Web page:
Damson JamApologies for the absence: not only have we been away for a weekend (to attend a cousin’s wedding and visit with family), i also rather promptly fell ill with a rotten stinker of a cold  and have been resting up for most of the last two weeks. However, i feel somewhat better now, and when i spied a big box of damsons in the market in Ashton yesterday… i thought of damson jam, and of course, that’s what i’ve been doing this afternoon (as well as making bread. After all, what’s a pot of jam with no bread to spread it on?).

i’ve never had damsons before, or damson jam, and i was quite unprepared for the lovely flavour. i first tasted it after i’d tipped the sugar in (so it was at the syrup stage) and even then i was like .. OMMGGG.. Michiel came in at that point and went.. “that good is it?” i just dipped the spoon back in and handed it to him silently. he tasted, then went.. “OMG, you’re right”. and i set to boiling with a vengenance. Got 1 large jam jar and 4 and a half little ones out of the 2 and a half pounds i cooked up. And i’m sorely tempted to go back to the market on monday to get some more damsons.

The recipe is behind the cut if anyone is interested. This was my first foray into the wierd and wonderful world of jam making: i got a book on preserves in general from the library yesterday as well and i’ve been salivating over some truly wonderful food descriptions, so i think i can safely say that it won’t be the last. I must work on decreasing the sugar in the jam though: Michiel though the damson jam was far too sweet. Which is a shame. I think its lovely.

put 2 and a half pounds of damsons in a large pan (I used my pressure cooker pan) with 1 and a quarter pints of cold water. Bring to the boil then simmer till mushy (which was not very long at all – i just pushed a damson with the back of a wooden spoon to see if it would go to mush), then drain into a large bowl through a sieve. You’re supposed to NOT use a metal sieve for this but i used a metal one and didn’t have any problems. (oops.) anyway, i mushed the gloop around in the sieve, pushing as much pulp through the sieve as i could for about 10/20 minutes (hard work, that part), then tossed the stones/gloop and put as much of the dark red pulp as i could scrape off the bottom of the sieve (the underside) back into the liquid as possible.

the recipe then told me to measure out the liquid/pulp – for every 500ml of liquid, i was to measure out 1 and a quarter pounds of sugar. I ended up with just over 1200ml of liquid/pulp, so measured out about 2 and three quarter pounds of sugar, put all of it back in the pressure cooker and started to reheat it slowly. I also had glass jars drying in the oven already (i just washed them in hot soapy water then put them in the oven for 10 minutes on gas mark 3, then switched the oven off but kept the door closed till i was ready to bottle). once the sugar had dissolved (i.e. you couldn’t feel the grittiness when you scraped the wooden spoon along the bottom of the pan, or see it on the back of the spoon) i turned the heat up to bring it to the boil, then had it as high as i dared on a rolling boil. Be warned: its like milk, it does froth up so you must keep an eye on it in order to turn the heat down if it threatens to boil over. I found that 2 and a half pounds of damsons was just enough – any more and i would’ve boiled over.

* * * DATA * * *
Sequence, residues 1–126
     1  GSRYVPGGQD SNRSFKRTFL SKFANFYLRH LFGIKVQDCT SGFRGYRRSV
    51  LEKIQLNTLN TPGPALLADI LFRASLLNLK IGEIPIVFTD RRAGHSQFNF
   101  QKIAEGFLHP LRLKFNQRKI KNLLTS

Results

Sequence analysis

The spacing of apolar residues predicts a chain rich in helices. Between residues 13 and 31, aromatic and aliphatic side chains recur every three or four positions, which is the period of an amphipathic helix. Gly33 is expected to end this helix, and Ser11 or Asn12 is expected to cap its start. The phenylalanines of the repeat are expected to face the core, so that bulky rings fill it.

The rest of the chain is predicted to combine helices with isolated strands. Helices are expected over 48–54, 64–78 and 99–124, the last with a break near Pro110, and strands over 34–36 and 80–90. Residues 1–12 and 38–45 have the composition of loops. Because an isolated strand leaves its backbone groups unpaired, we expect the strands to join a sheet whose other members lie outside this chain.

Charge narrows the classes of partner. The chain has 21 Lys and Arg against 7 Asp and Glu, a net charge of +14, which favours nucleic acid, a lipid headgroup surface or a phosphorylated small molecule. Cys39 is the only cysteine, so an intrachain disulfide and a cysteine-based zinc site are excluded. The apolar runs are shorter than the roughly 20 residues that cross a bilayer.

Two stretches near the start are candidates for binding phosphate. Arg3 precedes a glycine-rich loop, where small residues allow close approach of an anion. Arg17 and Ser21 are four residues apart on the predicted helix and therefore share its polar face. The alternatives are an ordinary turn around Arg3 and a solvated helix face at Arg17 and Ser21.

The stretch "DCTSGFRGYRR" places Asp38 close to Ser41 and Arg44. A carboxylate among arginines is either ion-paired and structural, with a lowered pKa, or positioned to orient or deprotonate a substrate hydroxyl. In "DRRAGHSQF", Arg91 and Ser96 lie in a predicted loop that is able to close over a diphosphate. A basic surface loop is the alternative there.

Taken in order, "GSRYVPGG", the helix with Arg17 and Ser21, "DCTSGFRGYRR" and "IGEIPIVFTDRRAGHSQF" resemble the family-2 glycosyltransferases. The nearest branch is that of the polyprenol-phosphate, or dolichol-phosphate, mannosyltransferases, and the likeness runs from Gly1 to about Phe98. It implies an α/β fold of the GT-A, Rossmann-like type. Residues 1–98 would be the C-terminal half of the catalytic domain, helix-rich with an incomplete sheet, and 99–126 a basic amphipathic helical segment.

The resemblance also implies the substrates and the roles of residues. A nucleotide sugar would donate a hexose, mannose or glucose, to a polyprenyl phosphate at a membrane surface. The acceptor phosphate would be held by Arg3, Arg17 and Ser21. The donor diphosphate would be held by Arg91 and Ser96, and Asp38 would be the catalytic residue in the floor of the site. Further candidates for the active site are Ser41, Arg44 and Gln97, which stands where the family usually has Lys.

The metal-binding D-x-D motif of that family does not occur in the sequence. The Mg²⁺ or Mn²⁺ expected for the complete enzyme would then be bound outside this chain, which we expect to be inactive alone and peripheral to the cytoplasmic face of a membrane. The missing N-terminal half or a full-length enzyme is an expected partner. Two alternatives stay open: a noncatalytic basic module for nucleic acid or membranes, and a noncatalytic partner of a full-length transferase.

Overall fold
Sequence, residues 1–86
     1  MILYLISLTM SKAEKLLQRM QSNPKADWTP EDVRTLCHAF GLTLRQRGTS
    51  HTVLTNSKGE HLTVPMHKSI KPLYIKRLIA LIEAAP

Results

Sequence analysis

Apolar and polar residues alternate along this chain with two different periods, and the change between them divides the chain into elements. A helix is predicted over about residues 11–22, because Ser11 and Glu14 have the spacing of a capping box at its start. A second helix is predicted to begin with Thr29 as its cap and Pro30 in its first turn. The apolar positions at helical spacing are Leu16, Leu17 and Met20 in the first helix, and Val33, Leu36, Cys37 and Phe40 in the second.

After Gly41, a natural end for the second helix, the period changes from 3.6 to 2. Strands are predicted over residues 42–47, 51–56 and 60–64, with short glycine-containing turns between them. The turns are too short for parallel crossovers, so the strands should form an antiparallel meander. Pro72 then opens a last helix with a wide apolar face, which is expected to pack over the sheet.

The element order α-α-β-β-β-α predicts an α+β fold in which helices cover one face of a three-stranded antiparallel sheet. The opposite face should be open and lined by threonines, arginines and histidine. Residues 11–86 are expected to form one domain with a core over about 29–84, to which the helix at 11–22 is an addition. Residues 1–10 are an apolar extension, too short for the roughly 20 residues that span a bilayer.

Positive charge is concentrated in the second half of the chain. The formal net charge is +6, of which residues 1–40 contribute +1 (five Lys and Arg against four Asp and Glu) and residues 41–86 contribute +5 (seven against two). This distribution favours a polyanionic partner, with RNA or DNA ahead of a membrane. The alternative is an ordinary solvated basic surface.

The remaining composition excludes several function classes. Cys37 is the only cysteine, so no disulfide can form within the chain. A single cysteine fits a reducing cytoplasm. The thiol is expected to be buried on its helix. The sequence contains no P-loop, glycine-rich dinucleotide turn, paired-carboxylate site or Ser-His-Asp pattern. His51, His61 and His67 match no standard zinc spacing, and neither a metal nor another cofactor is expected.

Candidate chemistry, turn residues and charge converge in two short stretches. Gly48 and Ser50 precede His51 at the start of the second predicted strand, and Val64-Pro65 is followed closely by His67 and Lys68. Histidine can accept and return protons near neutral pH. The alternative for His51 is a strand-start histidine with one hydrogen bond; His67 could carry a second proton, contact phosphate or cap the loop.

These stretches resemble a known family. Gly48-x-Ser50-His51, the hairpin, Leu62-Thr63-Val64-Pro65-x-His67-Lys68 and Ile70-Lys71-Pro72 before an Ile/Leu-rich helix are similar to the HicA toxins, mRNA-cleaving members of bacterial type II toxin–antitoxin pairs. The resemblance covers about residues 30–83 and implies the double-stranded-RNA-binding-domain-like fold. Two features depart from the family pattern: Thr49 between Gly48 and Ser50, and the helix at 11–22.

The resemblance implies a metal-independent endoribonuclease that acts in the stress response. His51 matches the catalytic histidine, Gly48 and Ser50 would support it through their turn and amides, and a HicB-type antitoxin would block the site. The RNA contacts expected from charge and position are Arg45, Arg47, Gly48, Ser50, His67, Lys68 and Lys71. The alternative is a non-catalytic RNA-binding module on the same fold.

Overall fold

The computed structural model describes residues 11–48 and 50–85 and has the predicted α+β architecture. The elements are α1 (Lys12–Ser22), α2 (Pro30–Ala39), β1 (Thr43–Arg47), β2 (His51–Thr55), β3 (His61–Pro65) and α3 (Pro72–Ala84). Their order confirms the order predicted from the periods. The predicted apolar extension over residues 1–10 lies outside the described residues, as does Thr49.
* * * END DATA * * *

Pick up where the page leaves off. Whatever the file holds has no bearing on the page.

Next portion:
I let that boil for 10 minutes, then did the wrinkle test (keep some saucers in the freezer, after 10 minutes, bring one out, spoon some jam onto the saucer, leave it a minute or so to cool, then push it with your finger, if it wrinkles and doesn’t fill in the “groove” made by your finger, then its ready. if it doesn’t wrinkle and fills back in quickly, then its not ready. spoon it back into the pan and boil for 5 minutes more). I did the wrinkle test every 5 minutes, but ended up boiling for nearly 30 minutes – i think perhaps because i wasn’t able to have the heat up very high. it was boiling, but only just. Once it was ready, i left it for 5 minutes for the fruit to settle, then spooned it into the hot jars, put the lid ontop straight way to seal.

Advertisements